10,172 people were registered as homeless last month, according to the latest government figures.
That is a drop of 81 when compared to May and the second consecutive month in which the figures have dropped.
The number of children accessing homeless services has fallen for a third month in a row to 3,675.
Minister for Housing, Eoghan Murphy said that the number of families and children in emergency accommodation is now lower than this time last year.
"But there is still a lot more work to do and we will provide 10,000 new social homes this year," Minister Murphy added.
This is the 3rd month in a row that the number of children in emergency accommodation has fallen. The number of families & children in EA is now lower than this time last year.
But there is still a lot more work to do and we will provide 10,000 new social homes this year.— Eoghan Murphy (@MurphyEoghan) July 31, 2019
Inner City Helping Homeless (ICHH) said that it cautiously welcomes any decrease but questioned whether the people who had been removed from the figures are now in secure long-term permanent accommodation.
"As we have stated many times before the real figure stands a lot higher than 10,172 as we don’t count rough sleepers, direct provision, families in women’s aid shelters or people couch surfing unlike other countries," said ICHH CEO Anthony Flynn.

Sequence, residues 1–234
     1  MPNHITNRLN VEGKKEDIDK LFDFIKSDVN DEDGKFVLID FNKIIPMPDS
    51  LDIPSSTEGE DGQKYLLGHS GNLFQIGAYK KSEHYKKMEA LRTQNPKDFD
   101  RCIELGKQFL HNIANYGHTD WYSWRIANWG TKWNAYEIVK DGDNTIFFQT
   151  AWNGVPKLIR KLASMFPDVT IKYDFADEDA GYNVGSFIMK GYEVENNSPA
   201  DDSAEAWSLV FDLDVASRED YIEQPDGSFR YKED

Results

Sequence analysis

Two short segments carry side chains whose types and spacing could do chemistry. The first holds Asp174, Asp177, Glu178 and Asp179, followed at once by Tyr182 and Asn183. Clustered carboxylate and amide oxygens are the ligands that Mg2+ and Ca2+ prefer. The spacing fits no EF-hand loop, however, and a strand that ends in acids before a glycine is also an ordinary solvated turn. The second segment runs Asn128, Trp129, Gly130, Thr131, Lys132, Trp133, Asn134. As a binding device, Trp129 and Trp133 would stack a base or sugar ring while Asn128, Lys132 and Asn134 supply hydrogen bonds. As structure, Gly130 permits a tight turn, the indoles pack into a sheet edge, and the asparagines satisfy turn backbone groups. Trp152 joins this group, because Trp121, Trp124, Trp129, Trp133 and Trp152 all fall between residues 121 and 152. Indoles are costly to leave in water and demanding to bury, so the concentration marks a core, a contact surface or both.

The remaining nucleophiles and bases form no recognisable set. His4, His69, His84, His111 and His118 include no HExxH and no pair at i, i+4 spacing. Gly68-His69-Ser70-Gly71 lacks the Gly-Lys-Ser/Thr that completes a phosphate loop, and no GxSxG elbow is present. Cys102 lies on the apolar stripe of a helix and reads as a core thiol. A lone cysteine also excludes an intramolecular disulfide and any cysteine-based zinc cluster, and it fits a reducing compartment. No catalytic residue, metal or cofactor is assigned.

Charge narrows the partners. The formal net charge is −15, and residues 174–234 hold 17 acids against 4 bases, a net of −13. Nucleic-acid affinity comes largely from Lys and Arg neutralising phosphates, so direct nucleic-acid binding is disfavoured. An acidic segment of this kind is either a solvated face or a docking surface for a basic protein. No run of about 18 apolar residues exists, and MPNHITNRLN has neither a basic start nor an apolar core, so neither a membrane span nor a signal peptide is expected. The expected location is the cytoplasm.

"We have a rough sleeping epidemic in Ireland at present with the ICHH official summer count showing an increase of 64% from the January count.
Mr Flynn said that the number of children who remain homeless is a national disgrace.
He said that ICHH has been contacted by numerous families who need back-to-school support and called on Minister Murphy to do more to support these children.
Mr Flynn also warned that due to the number of mortgages in arrears, many families will present as homeless for the first time before the end of the year.
Another slight decrease in the number of people "officially" homeless across the state. While any reduction is good the reality is we don't include people sleeping rough, families in Women's shelters, direct provision or couch surfers.
Reacting to today's figures, Depaul's interim-CEO David Carroll said that it is "heartening" to see the number of people experiencing homelessness decrease for the second consecutive month.
"We must continue to move people out of homelessness and provide them with the right supports to allow them to rebuild their lives," said Mr Carroll.
He also called for people to keep focused on the issue over the summer months.
"The summer months are a time for holidays and fun and to take a break from things," said Mr Carroll.
"However, for families and individuals living in homelessness there is no break, the struggle and worry is constant."